To the Editor:

In “William Tecumseh Sherman and the Moral Impetus for Victory” (TOS, Summer 2006), John David Lewis demonstrates that the Civil War offers a powerful lesson about how to win a war: “by destroying the psychological and material foundations of an enemy’s will to fight.” While this central point is clear, I find his moral evaluation of the Civil War somewhat confusing. Lewis advances both the abolition of slavery and the restoration of constitutional authority as Northern goals. Yet Northern actions do not seem to indicate a principled adherence to either constitutional authority or individual rights.

Prior to the 13th Amendment, the Constitution left the issue of slavery to the states. Thus constitutional authority would dictate advancement of abolition by amendment, not force. Further, since the Constitution does not prohibit states from seceding, the 10th Amendment seems to permit it. South Carolina exercised this option and asked the United States—a foreign power—to withdraw the troops that it quartered within South Carolina’s borders. Respect for constitutional authority would compel the United States to accept this secession and withdraw its troops, to forbid the succession or refuse to withdraw with reference to precedent, or to ask for clarification from the courts. It is not clear that the United States acted to resolve these issues by reference to precedent or by judicial process. If it did not, then it failed to acknowledge constitutional authority, and this act of force—not the firing upon Fort Sumter—would mark the transition to war.

The North could not acquire and sustain the military force that it employed against the South without conscripting men. To avoid constitutional challenges to conscription, the North suspended the Writ of Habeas Corpus, denying the most basic civil right to those forced into labor by the collective. Despite conflict with two of the three civil rights amendments that the States ratified immediately following the Civil War—the 13th and 14th—the United States persisted in its claim that selecting and enslaving victims from a minority for “national defense” is among its powers.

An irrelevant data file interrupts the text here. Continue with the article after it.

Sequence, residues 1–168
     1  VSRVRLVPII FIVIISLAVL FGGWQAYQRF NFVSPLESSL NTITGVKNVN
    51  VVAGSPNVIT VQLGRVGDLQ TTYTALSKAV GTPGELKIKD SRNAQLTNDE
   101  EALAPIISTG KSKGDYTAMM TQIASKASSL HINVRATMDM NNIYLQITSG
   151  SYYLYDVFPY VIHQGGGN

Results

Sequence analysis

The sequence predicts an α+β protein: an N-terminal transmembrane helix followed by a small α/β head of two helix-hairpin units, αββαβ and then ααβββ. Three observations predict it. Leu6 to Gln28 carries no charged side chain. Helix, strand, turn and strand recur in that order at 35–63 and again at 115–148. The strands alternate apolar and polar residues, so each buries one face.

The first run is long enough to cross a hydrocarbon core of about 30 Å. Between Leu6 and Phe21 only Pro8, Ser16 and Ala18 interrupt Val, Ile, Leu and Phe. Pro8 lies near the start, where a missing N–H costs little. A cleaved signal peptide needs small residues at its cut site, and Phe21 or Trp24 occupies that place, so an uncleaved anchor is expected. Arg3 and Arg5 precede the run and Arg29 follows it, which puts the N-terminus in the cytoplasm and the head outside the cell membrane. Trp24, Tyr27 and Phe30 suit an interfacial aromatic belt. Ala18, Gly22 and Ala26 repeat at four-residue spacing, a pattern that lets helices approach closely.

While the North could not claim constitutional authority or individual rights as guiding principles, these ideas certainly played into the hostilities that erupted into the Civil War. Ratification of the United States Constitution required many compromises. Some of these festered as the new nation reacted to the growth in understanding of human rights that its formation fostered. It is notable that the North and South developed a division along a line of constitutional compromise other than the issue of private-sector slavery: sovereignty. While the Constitution essentially followed the plans of those demanding a strong central source of sovereignty, the Bill of Rights appeased those demanding significant State sovereignty. The Bill of Rights placed in the States those powers not granted to the federal government, restricted federal interference with a set of enumerated individual rights, and clarified that this enumeration is not exhaustive. The North leaned toward strong central power; the South leaned toward the constitutional provisions for attenuating this power, the Bill of Rights. The North certainly advanced its position in this compromise whether or not this motivated the movement to war.